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FACTS ESTABLISHED WITH RESPECT TO CORROSION, PARTICULARLY OF IRON
The following is an excerpt form a textbook that was published more that eighty years ago by Frank N. Speller. If you read this text carefully and compare it with what is said in modern corrosion basic courses, you may be surprised on how little the messages have changed. (see FACTORS)
At normal temperatures iron will not corrode appreciably in the absence of moisture.
The presence of oxygen is also essential for corrosion to take place in ordinary water. Oxygen alone will cause considerable corrosion in acid, neutral, or slightly alkaline water. In natural waters, the rate of corrosion is almost directly proportional to oxygen concentration, if other factors do not change. Oxygen also accelerates the corrosion of iron in non-oxidizing acid solutions of moderate strength.
Corrosion in acid solutions is much more rapid than in neutral solutions, and the latter is more rapid than in alkaline solutions.
Hydrogen gas is usually evolved from the surface of the metal during corrosion in acid solutions and in concentrated solutions of alkalies; in nearly neutral solutions the evolution is usually very much less and may not be appreciable.
The products of corrosion consist, mainly, of black or green ferrous hydroxide next to the metal, and reddish-brown ferric hydroxide (rust) which forms the outer layer, with graded mixtures of the two in between. When iron corrodes in the atmosphere the amount of ferrous rust produced is small, but when formed under water the corrosion products often contain a large proportion of ferrous iron.
In natural water, the precipitated rust usually carries down some compounds containing lime,, magnesia, and silica, together with other insoluble material from the water. These substances have considerable influence on the structure and density of the rust coating on the metal surface.' A loose, nonadherent coating under ordinary conditions may accelerate locally the rate of corrosion; a uniformly dense and adherent coating may cut down this rate very considerably.
Surface films, sometimes invisible, often play an important part in controlling the rate and distribution of corrosion. These films have been made visible by separation from some metals and have been shown to raise the potential of these metals making them more resistant in certain environments. In fact the superior resistance of metals like chromium and aluminum, for example, is undoubtedly due largely to the formation of such films.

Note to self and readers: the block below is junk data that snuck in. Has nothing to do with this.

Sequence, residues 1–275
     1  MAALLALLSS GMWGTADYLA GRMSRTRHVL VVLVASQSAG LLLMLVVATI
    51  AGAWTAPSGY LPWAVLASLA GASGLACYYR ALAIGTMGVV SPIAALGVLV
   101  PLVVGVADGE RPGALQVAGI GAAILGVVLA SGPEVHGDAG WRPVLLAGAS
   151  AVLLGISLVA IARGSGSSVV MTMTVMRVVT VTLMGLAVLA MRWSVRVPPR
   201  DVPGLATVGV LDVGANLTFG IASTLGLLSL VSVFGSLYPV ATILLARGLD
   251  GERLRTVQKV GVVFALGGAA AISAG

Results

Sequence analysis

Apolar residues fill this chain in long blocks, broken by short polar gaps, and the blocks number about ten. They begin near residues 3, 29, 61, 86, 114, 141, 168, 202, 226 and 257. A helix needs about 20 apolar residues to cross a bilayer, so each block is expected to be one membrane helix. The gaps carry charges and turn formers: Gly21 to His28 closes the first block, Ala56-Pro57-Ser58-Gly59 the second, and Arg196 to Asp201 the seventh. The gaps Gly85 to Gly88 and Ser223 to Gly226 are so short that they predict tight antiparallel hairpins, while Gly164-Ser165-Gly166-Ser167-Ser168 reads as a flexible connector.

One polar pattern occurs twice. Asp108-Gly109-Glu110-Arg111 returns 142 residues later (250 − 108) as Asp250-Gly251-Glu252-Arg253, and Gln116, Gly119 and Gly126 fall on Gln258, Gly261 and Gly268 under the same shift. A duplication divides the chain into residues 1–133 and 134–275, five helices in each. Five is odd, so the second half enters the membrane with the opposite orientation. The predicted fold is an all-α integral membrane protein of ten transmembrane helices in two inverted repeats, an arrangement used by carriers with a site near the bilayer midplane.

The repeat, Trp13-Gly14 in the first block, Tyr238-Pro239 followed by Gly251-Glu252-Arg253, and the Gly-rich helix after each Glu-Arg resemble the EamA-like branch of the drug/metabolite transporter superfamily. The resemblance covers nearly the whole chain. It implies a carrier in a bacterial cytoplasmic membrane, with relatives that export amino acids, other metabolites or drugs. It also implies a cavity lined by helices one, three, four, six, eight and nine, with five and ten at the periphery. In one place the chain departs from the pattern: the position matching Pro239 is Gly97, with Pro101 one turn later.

In most cases the initial rate of corrosion is much greater than the rate after a short period of time. This is particularly noticeable in film-forming solutions, such as the alkalies or chromates. It should be noted, however, that the initial rate of corrosion of a highly polished metal surface is abnormally low.
Corrosion at normal temperature increases with increase of concentration in dilute solutions of many neutral salts, particularly chlorides, but decreases again in more concentrated solutions, other things being equal.
In natural waters the rate of corrosion generally tends to increase with increase in the velocity of motion of the water over the metal surface, with some exceptions where the film-forming tendency predominates (page 156).
Dissimilarity in the chemical composition of metals in contact with each other in an electrically conducting solution sets up a difference in potential (precisely as in the galvanic cell) and thus accelerates corrosion locally. In corroding metals these variations in potential are found between a metal and other reactive materials, or between different metals in contact. This action is accompanied by an electric current which flows through the solution from anode to cathode, i.e. from the more corrodible to the less corrodible metal in this particular solution.
Composition of ordinary iron or steel, within the common variations found commercially, has little effect on corrosion underwater or underground, but sometimes it has a marked effect in atmospheric and acid corrosion. From the standpoint of corrosion, homogeneity of a metal is not usually so important as external conditions.
The condition of the metal surface in submerged corrosion may not affect the total corrosion, although it may have a marked tendency to localize the action. Corrosion of iron is rarely uniform over its entire surface.
Variation in the composition or concentration of a solution in contact with a metal tends to localize corrosion at certain areas and retard the action at other areas of the surface. A portion of the metal surface which is protected from diffusion of oxygen inward becomes anodic to other areas which are in contact with a solution richer in oxygen, i.e., corrosion is more active at such protected areas.
The smaller the anodic areas in relation to the associated cathodic areas, the greater is the rate of penetration of corrosion at the anodic points. The polarity of a certain area often reverses during the progress of natural corrosion.